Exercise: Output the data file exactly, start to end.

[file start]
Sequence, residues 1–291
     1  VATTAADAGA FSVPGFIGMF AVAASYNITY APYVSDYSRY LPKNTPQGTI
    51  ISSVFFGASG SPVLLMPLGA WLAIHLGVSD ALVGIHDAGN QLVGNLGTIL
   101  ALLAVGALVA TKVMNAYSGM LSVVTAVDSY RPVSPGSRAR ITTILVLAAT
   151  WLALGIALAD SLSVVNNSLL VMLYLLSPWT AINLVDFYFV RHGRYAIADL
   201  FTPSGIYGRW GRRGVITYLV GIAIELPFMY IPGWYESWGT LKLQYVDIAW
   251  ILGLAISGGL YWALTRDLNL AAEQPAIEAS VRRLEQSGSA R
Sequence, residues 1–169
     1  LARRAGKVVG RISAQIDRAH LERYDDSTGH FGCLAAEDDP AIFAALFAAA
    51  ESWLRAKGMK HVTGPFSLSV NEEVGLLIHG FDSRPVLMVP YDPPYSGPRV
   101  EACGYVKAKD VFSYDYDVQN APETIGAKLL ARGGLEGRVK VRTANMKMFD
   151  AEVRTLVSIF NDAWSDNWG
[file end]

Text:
Sequence, residues 1–291
     1  VATTAADAGA FSVPGFIGMF AVAASYNITY APYVSDYSRY LPKNTPQGTI
    51  ISSVFFGASG SPVLLMPLGA WLAIHLGVSD ALVGIHDAGN QLVGNLGTIL
   101  ALLAVGALVA TKVMNAYSGM LSVVTAVDSY RPVSPGSRAR ITTILVLAAT
   151  WLALGIALAD SLSVVNNSLL VMLYLLSPWT AINLVDFYFV RHGRYAIADL
   201  FTPSGIYGRW GRRGVITYLV GIAIELPFMY IPGWYESWGT LKLQYVDIAW
   251  ILGLAISGGL YWALTRDLNL AAEQPAIEAS VRRLEQSGSA R
Sequence, residues 1–169
     1  LARRAGKVVG RISAQIDRAH LERYDDSTGH FGCLAAEDDP AIFAALFAAA
    51  ESWLRAKGMK HVTGPFSLSV NEEVGLLIHG FDSRPVLMVP YDPPYSGPRV
   101  EACGYVKAKD VFSYDYDVQN APETIGAKLL ARGGLEGRVK VRTANMKMFD
   151  AEVRTLVSIF NDAWSDNWG